Lease of Property

Lease of Property

 

in civil law, a contract giving the use of property for a period of time in return for payment. Only durable property may be the object of such a contract; consumable things (for example, money or grain) are turned over for use in accordance with a loan contract.

The contract for the lease of property may be used to lease nonresidential buildings, transport vehicles, construction machinery, and the like; the rental contract, for example, of certain consumer goods, is a type of contract for the lease of property. The parties to a contract for a lease of property may be citizens or organizations. A contract between organizations must be concluded in written form, and citizens must conclude the contract in writing if its term exceeds one year. The term of a contract for the lease of property must not exceed ten years. If the object of a contract between organizations is a structure or nonresidential building, the maximum term is five years; equipment may be leased for up to one year. Under a contract for the lease of property, the lessor must give the lessee property suitable for use, make capital repairs, and accept the property back upon the expiration of the term of contract. The lessee must use the property in accordance with the function of the property and with the contract, make lease payments, perform routine maintenance, and return the property to the lessor upon expiration of the contract period. With the consent of the lessor, the lessee may sublease the leased property.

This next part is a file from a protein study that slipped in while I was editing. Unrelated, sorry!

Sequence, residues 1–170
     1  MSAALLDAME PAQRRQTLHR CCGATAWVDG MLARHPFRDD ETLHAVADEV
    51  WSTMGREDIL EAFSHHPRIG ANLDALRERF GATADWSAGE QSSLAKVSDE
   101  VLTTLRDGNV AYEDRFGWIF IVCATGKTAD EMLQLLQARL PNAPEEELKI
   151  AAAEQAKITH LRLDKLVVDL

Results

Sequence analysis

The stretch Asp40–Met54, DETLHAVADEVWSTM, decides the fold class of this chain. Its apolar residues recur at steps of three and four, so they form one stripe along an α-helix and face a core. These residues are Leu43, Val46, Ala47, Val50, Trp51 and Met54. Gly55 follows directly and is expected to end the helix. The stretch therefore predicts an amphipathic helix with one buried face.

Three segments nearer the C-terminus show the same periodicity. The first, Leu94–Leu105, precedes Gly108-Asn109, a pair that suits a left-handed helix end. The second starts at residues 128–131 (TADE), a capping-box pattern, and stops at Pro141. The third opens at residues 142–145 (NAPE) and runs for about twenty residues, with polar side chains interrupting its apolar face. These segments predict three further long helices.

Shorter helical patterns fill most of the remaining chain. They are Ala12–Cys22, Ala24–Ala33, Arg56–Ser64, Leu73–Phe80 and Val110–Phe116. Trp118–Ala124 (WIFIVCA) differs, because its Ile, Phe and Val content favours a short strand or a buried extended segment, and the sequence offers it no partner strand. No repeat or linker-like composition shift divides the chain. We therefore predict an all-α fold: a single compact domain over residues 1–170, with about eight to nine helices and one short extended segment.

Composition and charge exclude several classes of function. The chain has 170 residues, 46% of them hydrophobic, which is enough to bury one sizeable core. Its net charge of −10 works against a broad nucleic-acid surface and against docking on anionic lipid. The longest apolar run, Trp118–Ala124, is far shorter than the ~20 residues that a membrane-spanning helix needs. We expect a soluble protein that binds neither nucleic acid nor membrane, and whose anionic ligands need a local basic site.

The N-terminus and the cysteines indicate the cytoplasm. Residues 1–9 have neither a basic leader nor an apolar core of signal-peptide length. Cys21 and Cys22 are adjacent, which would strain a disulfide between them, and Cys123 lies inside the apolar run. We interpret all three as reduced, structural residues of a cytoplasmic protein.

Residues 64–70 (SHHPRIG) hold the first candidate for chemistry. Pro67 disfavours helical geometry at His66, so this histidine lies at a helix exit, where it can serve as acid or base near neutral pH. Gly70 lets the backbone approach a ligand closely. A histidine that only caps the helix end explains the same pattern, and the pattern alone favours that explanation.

References in periodicals archive ?
77-467, which held that an arm's-length lease of property by a former shareholder is not a prohibited corporate interest within the meaning of Sec.
Regulations section 1.469-2 (f)(6) reclassifies as ordinary any net rental income from a lease of property to an activity in which the taxpayer materially participates.
168(g) restricts the use of certain cost recovery methods when property is used by a tax-exempt party, including the lease of property to a tax-exempt party.
Thus, a triple net lease of property under which the lessee is responsible for all costs of operation would not be net earnings from self-employment.